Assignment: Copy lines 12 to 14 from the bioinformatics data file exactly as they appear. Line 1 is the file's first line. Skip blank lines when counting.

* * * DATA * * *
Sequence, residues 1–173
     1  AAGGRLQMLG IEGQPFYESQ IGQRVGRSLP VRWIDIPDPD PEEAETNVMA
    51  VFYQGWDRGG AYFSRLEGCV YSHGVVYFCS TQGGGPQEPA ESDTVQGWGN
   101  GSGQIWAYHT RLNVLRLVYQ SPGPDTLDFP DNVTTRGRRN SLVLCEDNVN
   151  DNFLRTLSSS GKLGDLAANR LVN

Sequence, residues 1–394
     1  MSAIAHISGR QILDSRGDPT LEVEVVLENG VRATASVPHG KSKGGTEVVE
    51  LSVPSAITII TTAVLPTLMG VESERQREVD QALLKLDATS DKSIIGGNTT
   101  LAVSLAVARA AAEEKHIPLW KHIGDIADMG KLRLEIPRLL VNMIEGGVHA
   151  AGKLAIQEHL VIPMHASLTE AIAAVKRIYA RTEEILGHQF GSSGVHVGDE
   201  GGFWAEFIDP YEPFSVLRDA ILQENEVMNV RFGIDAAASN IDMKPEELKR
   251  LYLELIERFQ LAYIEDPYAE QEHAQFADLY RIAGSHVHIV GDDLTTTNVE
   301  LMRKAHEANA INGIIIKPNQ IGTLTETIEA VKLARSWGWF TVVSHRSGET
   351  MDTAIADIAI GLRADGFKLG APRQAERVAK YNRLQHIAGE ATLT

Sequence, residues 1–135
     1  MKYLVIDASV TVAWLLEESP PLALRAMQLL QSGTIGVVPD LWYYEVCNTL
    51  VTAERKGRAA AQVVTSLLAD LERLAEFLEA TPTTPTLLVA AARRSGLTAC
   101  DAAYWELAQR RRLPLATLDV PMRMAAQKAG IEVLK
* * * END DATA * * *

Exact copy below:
   251  LYLELIERFQ LAYIEDPYAE QEHAQFADLY RIAGSHVHIV GDDLTTTNVE
   301  LMRKAHEANA INGIIIKPNQ IGTLTETIEA VKLARSWGWF TVVSHRSGET
   351  MDTAIADIAI GLRADGFKLG APRQAERVAK YNRLQHIAGE ATLT